The Contact Dance Film Festival, a weekend of eclectic international dance films presented by BodyVox, returns for its fourth year this weekend. “Festival” might seem like a bit much to describe a three-night event, but the company has managed to pack an impressively broad selection of independent, dance-centric films into the weekend. Running May 9 to 11, the festival is divided into three programs, each with its own perspective on the intersection between dance and film.
Founded, as the company says, to support and promote new independent dance films, the Contact Dance Festival offers a slate of international films, a feature-length film, and another collection of short films guest-curated by Ohio State University students.
The Dancing Over Borders program, running on both opening and closing nights, is a collection of 11 films from nearly as many countries, including one from Portland. Unfolding, shot in part in a classic Portland bungalow, adds recognizable local flavor to this worldwide survey. The alternately surreal and playful piece within it is choreographed and danced by the Muddy Feet contemporary dance collective, featuring local mainstays Suzanne Chi, Rachel Slater, Kailee McMurran, and Lena Traenkenschuh.
The longest piece of the night, Les Sirènes—Chant XII, is also one of the standouts. Directed by Philippe Saire, this Swiss film is broadly inspired by Homer’s Odyssey and Joyce’s “transposition” of it in Ulysses. Three women in vibrant but simple outfits stumble and slide gracefully down giant piles of sand, bottles in hand, three sheets to the wind as they embark on a journey from the sand to the water, exploring the environment through improvised but intentional movement.
T.I.A. (This Is Africa) also finds a striking relationship between dance and environment. Shot with a long lens in bustling areas of Brazzaville, the capital of the Republic of Congo, the camera tracks Aïpeur Foundou’s fluid, powerful movements from afar, so that the bystanders in the frame encounter this incredible dancer seemingly out of nowhere. Further blurring the line between documentary and dance, Dancing with My Dad is a sweet and often surprising film. British dancer Lizzie J. Klotz recognizes how different her life has been from that of her father, a career policeman, and brings her father into the dance studio to find common ground. He takes to the task of learning the movements and concepts of contemporary dance remarkably well, and the film treats his work, alone and in a duet with his daughter, with respect.
BodyVox co-artistic director Jamey Hampton introduced the films on opening night. His notes on each film, interspersed throughout the program, provided a peek into the festival’s ethos. Because most festivals open to independent dance-minded filmmakers require a submission fee, the BodyVox curators decided to make Contact totally free to attract a broad range of submissions. It worked: they received more than 400 films and watched them all. Noting that they might add a $5 fee next year to tighten up the process a little, Hampton still seemed quite pleased with the results. (This came up in reference to the student film Late Night Stack, a cute, funny short piece that was unmistakably student work, as was an earlier piece that attempted to create an allegory for air pollution through a duet set to generic dubstep, credited to BYU dance students.)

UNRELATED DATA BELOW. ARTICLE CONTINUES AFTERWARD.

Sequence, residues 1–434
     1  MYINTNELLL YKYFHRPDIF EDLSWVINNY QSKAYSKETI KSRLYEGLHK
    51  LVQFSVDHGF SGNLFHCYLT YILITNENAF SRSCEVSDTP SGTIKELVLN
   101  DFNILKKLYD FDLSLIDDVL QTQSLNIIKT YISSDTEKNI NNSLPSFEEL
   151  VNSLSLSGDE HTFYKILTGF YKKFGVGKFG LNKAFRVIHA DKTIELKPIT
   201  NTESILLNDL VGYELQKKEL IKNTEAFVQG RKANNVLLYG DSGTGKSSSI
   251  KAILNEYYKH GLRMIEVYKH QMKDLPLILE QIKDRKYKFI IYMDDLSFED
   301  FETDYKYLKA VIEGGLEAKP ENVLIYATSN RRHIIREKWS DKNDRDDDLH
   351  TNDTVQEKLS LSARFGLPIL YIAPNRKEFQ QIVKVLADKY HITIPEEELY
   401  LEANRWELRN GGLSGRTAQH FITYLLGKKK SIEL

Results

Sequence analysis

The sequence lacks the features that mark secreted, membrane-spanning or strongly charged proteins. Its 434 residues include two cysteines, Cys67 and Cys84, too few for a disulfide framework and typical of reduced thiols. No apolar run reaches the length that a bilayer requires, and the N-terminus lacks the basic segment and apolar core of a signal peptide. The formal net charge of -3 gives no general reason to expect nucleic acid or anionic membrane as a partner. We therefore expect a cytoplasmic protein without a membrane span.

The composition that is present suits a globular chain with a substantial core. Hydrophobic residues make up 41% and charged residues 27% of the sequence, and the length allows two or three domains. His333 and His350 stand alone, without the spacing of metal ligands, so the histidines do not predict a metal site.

The Dance@30fps program, running May 10 and 11, is, curators say, “a vibrant selection of recent works born of the marriage between dancer and filmmaker.” Curated by graduate students of Mitchell Rose, an Ohio State University Dance Department professor and frequent BodyVox collaborator known for creating dance films, this selection promises to deliver the most of-the-moment shorts, picked by dancers who are just beginning their careers.
The weekend will close with the festival’s one feature film, Dancing7Cities, directed by New Zealander Nicholas Rowe. This 55-minute documentary profiles community dance projects in seven cities around the world, from Helsinki to Ramallah to Beirut, celebrating the projects’ individual missions as well as the common threads that unite them.
It’s clear, in part from the student-curated program, that the festival emphasizes access and experimentation. By proudly including emerging dance-world auteurs, BodyVox has positioned Contact more as a launchpad or proving ground than a showcase where award winners take victory laps. Themes of risk and discovery run through this truly broad selection of films from a diverse group of directors. Whatever you’re expecting to see, you’re sure to find some surprises.
Click here for Contact Dance Film Festival schedule and ticket information.